ICT/NGN investment in Agriculture and RATC shows the positive relation, the coefficent ratio is 0.3174. In order to imporve the RATC, ICT/NGN investment in Agriculture is quite important. It will fast up the RATC increase. From out research, among the land, labor and material expenditure input in Agriculture, the material input, such as seeds, irrigation water, chemical fertilization, machine and tract, is still the key factor for Agriculture output because its coefficient number is more than 90% between input and output. So current stage in Uzbekistan, Material input in Agriculture shall be kept on strength to make sure the Agriculture output is under managed. But the input factor shall be optimized and care more about the chemical fertilization and pesticides usage to prevent the soil pollution which happened in China and European countries.

In the other hand, enhance the ICT/NGN investment in Agriculture. Although the correlation between ICT/NGN investment in Agriculture and RATC is around 30%, the number is variable when the science and technology development in Agriculture is a long term issue. In the meanwhile, any technology implementation has strong relation with human resource knowledge background. To improve the education and training of farmers will take time.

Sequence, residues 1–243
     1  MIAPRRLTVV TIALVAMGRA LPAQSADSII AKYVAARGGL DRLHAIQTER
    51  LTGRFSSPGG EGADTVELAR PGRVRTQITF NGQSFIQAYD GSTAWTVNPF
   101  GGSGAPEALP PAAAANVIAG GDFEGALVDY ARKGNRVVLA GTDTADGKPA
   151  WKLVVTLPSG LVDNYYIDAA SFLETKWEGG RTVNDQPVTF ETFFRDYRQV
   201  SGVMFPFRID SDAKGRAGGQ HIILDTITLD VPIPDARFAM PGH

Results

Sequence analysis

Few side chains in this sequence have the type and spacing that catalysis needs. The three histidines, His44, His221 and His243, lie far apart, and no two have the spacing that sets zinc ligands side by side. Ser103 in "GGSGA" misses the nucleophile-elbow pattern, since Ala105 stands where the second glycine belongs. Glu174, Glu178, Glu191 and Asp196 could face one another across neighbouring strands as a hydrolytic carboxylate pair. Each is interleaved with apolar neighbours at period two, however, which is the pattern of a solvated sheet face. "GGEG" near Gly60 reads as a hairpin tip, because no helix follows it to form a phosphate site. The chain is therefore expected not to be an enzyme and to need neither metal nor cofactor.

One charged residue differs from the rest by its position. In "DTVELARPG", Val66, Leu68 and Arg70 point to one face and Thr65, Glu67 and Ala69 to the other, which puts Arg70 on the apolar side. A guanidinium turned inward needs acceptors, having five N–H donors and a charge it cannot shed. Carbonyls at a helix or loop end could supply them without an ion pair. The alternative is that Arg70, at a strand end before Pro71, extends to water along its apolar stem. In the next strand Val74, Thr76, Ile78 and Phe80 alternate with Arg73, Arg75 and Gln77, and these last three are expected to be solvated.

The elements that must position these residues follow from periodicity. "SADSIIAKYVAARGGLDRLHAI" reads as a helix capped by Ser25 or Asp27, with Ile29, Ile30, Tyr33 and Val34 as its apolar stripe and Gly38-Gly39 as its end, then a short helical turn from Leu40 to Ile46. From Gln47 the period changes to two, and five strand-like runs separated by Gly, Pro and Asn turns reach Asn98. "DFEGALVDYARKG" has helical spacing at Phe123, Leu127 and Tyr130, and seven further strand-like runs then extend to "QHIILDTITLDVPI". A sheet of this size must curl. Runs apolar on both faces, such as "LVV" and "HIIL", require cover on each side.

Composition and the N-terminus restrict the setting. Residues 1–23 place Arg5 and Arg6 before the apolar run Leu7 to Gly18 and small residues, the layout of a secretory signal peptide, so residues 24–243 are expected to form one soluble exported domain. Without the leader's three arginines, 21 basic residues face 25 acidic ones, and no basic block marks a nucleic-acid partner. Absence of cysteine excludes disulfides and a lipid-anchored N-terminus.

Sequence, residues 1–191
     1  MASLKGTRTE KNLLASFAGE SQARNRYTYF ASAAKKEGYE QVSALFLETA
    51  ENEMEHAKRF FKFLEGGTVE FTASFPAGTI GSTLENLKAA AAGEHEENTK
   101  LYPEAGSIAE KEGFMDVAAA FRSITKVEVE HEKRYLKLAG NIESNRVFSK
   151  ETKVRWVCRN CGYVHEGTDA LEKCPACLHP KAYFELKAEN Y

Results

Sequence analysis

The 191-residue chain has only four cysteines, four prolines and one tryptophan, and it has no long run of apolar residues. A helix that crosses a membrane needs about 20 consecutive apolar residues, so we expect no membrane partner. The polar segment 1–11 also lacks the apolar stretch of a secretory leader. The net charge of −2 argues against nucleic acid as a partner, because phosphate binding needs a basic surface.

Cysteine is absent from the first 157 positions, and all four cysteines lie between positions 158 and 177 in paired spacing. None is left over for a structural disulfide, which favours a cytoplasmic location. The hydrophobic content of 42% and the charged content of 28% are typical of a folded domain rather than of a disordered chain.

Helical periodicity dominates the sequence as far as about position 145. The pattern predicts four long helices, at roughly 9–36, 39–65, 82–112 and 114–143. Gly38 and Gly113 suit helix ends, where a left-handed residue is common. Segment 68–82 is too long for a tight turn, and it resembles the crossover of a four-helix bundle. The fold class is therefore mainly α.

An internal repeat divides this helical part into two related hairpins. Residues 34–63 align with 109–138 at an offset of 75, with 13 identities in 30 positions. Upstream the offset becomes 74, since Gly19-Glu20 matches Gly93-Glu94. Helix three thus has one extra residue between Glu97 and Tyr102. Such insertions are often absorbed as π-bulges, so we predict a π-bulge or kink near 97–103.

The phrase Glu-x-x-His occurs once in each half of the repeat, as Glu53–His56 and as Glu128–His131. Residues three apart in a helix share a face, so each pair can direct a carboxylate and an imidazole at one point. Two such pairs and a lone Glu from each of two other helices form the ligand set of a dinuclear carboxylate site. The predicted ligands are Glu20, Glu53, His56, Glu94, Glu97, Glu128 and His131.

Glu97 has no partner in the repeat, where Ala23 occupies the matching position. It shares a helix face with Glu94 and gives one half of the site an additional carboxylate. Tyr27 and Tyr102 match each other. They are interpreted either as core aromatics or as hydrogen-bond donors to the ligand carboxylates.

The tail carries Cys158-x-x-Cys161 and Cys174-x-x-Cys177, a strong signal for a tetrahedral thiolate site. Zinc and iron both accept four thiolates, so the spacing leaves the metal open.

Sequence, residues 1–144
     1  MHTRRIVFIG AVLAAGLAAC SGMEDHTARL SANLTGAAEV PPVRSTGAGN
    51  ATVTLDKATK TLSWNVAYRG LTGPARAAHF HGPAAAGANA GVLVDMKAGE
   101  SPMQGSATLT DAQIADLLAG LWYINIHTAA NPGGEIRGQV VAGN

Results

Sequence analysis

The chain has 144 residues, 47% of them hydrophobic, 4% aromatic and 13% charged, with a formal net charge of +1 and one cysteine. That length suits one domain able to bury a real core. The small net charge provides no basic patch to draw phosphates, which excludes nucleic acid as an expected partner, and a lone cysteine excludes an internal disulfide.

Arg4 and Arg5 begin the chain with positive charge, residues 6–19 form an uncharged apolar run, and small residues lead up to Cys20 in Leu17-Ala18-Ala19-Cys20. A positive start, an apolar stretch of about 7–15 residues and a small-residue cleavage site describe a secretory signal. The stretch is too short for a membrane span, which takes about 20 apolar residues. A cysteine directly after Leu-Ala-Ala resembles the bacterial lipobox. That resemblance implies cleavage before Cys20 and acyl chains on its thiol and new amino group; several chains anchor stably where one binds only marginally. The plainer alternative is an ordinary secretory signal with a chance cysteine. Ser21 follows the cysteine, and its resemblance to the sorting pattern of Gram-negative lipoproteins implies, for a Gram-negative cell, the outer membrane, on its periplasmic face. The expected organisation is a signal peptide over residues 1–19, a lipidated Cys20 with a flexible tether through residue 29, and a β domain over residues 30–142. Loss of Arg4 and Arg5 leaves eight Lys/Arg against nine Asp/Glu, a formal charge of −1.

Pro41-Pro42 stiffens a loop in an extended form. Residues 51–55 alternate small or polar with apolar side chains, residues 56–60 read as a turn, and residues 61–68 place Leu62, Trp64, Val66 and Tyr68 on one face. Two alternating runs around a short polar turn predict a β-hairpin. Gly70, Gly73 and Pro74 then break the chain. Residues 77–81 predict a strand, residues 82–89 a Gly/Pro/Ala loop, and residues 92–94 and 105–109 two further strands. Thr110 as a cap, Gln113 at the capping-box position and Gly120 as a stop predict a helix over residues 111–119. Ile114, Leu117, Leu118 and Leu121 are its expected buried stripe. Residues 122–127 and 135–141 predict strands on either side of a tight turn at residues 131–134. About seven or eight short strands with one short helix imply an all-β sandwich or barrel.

The potential of ICT/NGN investment for Agriculture to develop the area is quite big. As we mentioned, the number RATC in Uzbekistan in 2013 is 48%, China in 2013 is about 54%, and America and European Developed countries are around 70%. To reach the level of America, China will take 20-30 years. The annual average improvement ratio is 1%. The budgeting for ICT/NGN shall be lasted without stop. Currently the investment in ICT/NGN area is 0.4% of GDP, 4.4% in US in 2008 (Andrew, 2010), and less than one tenth of it is put into Agriculture. So the amount of ICT/NGN in Agriculture shall be improved accordingly. The growth ratio in ICT/NGN investment in Agriculture shall not less than the investment in ICT/NGN in the society. And the ICT/NGN investment in the social shall be fast up, and the year to year growth ratio shall keep the same pace with the GDP growth.